Public schools in Macon, Ga., and surrounding Bibb County have a lot of problems. Most of the 25,000 students are poor enough to qualify for free and reduced lunch, and about half don't graduate.
Bibb County's Haitian-born superintendent Romain Dallemand came into the job last year with a bag of changes he calls "The Macon Miracle." There are now longer schools days, year-round instruction, and one mandate nobody saw coming: Mandarin Chinese for every student, pre-K through 12th grade.
"Students who are in elementary school today, by 2050 they'll be at the pinnacle of their career," Dallemand says. "They will live in a world where China and India will have 50 percent of the world GDP. They will live in a world where, if they cannot function successfully in the Asian culture, they will pay a heavy price."
This school year, Dallemand is rolling out Mandarin in stages, a few sessions a week, with the youngest kids starting first. In three years, it will be at every grade level.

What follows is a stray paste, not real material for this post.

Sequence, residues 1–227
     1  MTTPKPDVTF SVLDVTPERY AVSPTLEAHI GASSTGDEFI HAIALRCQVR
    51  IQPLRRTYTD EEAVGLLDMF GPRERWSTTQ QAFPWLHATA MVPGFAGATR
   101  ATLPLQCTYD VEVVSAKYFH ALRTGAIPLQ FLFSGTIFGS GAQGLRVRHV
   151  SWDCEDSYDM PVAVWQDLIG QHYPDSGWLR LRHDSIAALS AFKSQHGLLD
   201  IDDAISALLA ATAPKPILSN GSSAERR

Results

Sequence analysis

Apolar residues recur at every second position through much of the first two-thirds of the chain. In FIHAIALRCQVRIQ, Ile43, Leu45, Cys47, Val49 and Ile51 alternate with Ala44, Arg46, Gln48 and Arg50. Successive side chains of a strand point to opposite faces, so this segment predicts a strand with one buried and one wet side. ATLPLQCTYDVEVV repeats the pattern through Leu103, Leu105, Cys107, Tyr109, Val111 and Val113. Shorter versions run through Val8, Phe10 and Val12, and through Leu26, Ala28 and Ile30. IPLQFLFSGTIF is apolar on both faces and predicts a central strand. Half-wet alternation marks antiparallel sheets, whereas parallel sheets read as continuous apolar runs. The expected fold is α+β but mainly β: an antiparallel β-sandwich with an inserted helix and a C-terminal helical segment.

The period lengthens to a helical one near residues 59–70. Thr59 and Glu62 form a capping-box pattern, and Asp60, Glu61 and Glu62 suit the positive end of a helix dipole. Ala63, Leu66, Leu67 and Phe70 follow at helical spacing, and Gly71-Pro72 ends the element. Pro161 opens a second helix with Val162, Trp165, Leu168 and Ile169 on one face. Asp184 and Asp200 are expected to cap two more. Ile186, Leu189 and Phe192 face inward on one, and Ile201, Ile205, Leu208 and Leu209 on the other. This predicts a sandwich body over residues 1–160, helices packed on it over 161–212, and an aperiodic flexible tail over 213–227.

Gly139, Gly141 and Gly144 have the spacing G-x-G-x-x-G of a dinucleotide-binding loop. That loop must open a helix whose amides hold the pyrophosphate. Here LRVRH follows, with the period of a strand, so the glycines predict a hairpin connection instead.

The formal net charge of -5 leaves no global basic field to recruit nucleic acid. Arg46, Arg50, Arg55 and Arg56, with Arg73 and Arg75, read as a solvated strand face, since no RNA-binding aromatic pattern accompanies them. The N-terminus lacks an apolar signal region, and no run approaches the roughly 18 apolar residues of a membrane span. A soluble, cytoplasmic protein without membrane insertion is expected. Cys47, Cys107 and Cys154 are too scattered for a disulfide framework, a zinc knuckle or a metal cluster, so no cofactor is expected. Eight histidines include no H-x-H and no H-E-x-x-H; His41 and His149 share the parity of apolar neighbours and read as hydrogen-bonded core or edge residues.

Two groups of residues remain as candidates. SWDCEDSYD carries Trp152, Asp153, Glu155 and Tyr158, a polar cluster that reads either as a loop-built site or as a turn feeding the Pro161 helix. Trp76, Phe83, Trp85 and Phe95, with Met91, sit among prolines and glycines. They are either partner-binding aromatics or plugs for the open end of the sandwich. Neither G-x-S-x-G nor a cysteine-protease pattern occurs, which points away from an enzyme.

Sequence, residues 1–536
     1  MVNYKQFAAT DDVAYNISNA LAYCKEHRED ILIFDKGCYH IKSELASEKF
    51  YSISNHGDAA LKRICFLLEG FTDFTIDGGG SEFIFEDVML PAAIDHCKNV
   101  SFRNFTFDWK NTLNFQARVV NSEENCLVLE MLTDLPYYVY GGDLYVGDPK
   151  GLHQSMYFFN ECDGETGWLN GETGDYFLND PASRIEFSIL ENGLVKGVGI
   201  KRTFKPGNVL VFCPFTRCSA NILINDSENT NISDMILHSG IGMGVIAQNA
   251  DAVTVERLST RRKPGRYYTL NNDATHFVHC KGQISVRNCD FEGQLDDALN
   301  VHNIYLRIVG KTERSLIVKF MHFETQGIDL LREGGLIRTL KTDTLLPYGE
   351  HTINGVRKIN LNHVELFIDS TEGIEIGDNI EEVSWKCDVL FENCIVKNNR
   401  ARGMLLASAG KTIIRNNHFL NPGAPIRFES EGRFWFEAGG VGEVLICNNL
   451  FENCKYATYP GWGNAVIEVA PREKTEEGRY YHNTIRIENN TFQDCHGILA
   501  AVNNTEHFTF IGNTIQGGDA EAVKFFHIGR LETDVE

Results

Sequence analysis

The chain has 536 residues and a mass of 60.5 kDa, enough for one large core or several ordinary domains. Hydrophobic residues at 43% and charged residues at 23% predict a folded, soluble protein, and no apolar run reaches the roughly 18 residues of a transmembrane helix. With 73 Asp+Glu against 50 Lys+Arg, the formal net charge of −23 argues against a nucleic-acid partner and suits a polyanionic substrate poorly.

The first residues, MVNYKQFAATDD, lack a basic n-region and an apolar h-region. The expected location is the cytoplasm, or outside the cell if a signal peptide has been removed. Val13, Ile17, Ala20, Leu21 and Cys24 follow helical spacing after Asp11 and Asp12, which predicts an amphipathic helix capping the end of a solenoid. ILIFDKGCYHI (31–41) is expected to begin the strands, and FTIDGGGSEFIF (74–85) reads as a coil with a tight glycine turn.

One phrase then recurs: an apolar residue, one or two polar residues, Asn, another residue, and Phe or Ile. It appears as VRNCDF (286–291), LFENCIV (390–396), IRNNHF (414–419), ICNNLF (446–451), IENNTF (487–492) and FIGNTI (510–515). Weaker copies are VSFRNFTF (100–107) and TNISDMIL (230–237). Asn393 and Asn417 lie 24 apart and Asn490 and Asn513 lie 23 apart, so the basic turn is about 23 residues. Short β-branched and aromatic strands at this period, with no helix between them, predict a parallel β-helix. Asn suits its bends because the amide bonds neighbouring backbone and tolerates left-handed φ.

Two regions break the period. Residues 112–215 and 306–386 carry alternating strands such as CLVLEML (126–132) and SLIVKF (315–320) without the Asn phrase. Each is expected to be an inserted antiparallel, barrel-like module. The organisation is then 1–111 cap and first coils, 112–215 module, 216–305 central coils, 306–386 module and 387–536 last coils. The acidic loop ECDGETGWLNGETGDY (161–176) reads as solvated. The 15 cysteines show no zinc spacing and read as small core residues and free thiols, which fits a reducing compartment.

Chinese Isn't Just For High Achievers
Instructors and other young teachers from China are being provided to Bibb County schools by a nearby Confucius Institute, one of a number of nonprofit cultural centers partially funded by the Chinese government. Beijing wants to spread Mandarin abroad, and at just $16,000 per instructor per year, the price is right for Dallemand.
"Well, it's a win-win for everyone," he says.
But not everyone in Bibb County sees it that way.
Some parents see a Communist regime enacting its geopolitical agenda on their children. The more common critique, however, is not political. It is the practical concern. Read more at KERA News.